‘Gus Dur to pick more professionals’
They are expected to fill key economic posts, says minister.
INDONESIAN Foreign Minister Alwi Shihab said yesterday that professionals were likely to have a stronger role in the Cabinet by taking up key economic posts in President Abdurrahman Wahid’s new ministerial team.
He also brushed aside suggestions that the government would be dominated by members of the President’s Nation Awakening Party (PKB) and hinted that the Cabinet would continue to be a coalition of different political parties.
“This is a purely personal point of view,” he said at a public lecture here on recent developments in Indonesia, which was organised by the Institute of Defence and Strategic Studies.
“We need to find a middle ground, one in which the economic ground is taken over by professionals and all the other posts by party-affiliated members.”
Dr Alwi, a confidant of Mr Abdurrahman, was responding to questions at the lecture.
His comments also came a day after economic czar Kwik Kian Gie, citing the administration’s plan to restructure the Cabinet, submitted his resignation to the President.
Speculation was rife that other ministers, Finance Minister Bambang Sudibyo in particular, would also quit the fragile multi-party government ahead of a Cabinet shake-up, expected by Aug 21.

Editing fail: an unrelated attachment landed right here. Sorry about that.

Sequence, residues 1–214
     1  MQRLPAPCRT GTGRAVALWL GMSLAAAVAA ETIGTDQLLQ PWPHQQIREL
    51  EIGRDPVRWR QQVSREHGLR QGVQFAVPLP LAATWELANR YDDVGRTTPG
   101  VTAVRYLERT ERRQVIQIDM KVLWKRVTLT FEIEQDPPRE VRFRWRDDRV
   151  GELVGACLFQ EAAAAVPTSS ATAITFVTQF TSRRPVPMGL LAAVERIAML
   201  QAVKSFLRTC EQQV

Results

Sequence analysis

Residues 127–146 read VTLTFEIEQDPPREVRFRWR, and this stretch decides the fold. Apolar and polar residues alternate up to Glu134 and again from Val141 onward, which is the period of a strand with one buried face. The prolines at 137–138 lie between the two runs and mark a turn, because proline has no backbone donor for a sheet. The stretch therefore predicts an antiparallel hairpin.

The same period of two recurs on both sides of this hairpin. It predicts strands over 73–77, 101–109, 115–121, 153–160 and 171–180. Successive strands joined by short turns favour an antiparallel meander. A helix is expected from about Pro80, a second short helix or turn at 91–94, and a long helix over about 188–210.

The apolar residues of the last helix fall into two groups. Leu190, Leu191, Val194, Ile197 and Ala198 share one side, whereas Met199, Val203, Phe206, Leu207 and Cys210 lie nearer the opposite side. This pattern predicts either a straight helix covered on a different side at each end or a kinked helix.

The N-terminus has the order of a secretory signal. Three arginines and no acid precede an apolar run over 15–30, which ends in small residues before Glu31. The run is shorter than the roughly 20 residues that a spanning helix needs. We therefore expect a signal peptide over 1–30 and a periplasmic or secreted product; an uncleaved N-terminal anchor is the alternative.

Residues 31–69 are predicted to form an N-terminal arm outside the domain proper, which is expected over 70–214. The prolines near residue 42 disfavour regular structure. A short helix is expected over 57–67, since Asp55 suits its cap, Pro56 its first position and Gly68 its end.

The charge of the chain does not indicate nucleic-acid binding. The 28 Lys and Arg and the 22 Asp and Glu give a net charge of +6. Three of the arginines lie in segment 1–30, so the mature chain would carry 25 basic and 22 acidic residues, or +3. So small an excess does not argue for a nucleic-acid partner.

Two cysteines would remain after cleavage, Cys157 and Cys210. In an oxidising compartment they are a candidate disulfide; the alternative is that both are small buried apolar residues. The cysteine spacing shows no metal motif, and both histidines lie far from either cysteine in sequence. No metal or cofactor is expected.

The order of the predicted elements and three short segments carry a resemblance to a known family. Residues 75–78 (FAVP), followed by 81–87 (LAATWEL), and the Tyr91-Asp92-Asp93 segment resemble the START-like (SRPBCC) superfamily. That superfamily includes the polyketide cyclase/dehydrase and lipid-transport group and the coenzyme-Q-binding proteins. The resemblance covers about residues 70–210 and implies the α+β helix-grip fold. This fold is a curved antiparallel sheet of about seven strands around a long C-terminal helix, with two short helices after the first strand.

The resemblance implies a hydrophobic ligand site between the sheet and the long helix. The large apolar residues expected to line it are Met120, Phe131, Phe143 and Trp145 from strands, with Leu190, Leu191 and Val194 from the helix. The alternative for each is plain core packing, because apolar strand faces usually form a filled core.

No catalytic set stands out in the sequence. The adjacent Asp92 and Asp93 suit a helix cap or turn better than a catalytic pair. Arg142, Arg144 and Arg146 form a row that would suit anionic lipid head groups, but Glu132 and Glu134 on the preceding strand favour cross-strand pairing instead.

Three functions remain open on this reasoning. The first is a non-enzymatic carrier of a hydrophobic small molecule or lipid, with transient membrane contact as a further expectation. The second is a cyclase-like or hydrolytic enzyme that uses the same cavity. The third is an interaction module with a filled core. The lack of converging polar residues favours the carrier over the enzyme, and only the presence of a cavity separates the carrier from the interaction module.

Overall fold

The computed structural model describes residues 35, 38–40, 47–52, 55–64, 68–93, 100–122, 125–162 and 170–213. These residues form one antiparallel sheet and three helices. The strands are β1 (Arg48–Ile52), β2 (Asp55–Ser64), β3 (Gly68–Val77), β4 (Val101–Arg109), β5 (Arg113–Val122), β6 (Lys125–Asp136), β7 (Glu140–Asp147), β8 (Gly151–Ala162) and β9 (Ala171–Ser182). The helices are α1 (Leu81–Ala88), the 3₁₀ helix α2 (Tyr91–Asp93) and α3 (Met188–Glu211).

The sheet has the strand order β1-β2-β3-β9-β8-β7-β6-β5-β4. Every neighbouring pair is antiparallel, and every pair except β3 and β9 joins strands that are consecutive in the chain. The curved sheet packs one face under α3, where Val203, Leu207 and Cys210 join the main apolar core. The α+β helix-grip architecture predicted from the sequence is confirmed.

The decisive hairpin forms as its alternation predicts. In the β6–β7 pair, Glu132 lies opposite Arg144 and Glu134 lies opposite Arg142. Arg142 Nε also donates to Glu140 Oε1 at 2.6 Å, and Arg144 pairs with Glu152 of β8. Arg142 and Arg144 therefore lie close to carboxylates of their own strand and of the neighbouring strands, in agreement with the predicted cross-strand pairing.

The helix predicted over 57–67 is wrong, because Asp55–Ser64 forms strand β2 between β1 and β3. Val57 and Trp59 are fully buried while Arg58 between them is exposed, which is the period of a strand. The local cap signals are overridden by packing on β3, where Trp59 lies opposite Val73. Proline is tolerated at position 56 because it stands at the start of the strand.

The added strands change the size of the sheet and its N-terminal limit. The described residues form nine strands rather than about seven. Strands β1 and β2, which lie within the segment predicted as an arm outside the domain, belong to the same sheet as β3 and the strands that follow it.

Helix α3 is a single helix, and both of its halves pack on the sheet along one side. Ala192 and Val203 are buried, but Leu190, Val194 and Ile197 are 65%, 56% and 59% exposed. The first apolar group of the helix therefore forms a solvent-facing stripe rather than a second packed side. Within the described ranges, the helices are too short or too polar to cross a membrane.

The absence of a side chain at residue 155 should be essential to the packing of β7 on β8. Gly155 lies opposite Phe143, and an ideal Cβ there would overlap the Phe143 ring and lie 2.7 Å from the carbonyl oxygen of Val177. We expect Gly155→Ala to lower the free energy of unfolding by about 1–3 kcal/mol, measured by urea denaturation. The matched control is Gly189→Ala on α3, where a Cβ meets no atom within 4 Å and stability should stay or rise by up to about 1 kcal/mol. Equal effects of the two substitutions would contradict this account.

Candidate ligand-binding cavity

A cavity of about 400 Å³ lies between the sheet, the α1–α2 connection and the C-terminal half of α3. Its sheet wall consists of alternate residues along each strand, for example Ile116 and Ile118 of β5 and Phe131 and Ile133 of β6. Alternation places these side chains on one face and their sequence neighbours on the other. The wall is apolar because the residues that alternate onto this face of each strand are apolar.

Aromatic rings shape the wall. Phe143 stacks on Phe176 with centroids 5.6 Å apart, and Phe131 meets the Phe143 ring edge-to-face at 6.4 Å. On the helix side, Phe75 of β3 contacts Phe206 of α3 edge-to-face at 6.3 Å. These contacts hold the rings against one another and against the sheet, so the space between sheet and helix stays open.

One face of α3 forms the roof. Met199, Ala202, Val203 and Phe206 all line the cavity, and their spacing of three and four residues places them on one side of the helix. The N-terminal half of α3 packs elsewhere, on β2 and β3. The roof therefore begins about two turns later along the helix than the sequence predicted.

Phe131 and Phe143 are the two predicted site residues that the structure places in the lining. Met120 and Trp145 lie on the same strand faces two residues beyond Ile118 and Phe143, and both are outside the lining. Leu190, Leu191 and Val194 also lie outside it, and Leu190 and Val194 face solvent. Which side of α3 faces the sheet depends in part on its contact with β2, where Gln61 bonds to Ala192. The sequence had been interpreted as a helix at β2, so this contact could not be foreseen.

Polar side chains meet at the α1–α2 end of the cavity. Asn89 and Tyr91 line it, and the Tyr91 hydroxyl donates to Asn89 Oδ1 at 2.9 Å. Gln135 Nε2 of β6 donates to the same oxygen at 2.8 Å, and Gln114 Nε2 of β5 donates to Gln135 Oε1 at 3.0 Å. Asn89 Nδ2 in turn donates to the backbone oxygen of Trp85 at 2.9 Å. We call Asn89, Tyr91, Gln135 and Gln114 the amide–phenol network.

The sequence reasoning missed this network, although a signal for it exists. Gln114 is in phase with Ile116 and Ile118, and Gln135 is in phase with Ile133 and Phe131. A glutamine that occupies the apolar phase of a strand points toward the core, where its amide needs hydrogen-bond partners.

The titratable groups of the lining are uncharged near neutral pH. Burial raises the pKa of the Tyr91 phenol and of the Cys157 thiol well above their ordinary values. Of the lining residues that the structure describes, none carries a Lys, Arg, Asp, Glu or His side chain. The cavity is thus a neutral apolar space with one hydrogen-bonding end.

Dr Alwi said yesterday that a combination of professionals and representatives of various parties would “pave the way for a healthy relationship” between the President and the multi-party legislature.
It would also reduce political tension.
For this reason, he took pains to point out that the PKB would not attempt to monopolise Cabinet posts.
More importantly, it lacked the experts to do so. Quoting the President, he said to laughter from those attending the lecture: “The problem with the PKB is that every name we come up with only suits the Department of Religious Affairs. Nothing else.”
He was also sceptical that the government would comprise only members of the PKB and Vice-President Megawati Sukarnoputri’s Indonesian Democratic Party-Struggle: “That is a remote possibility.”
The “rainbow coalition” Cabinet was formed at the onset of the President’s rule 10 months ago to accommodate the main political parties who helped vote him in as Indonesia’s first democratically elected leader.
But political analysts argue that, because ministers were constrained by the interests of their respective parties, they were unable to work effectively.
No where was this more apparent than in the economic sector where critics charged that the ministers lacked a clear vision of how to restore the battered economy to health.
Periodic infighting resulted in policies that were erratic and not based on long-term considerations.
As a result, public pressure has been growing on the President to put non-partisan professionals in key ministries to prevent wranglings and stop the drift in the Indonesian economy.
Dr Alwi, who arrived on Thursday for a two-day visit, held talks with Senior Minister Lee Kuan Yew, Prime Minister Goh Chok Tong and President S.R. Nathan.
He called Indonesia’s relations with Singapore “close and cordial”, and said he received “valuable insights and advice” in his meetings here, especially from Mr Lee.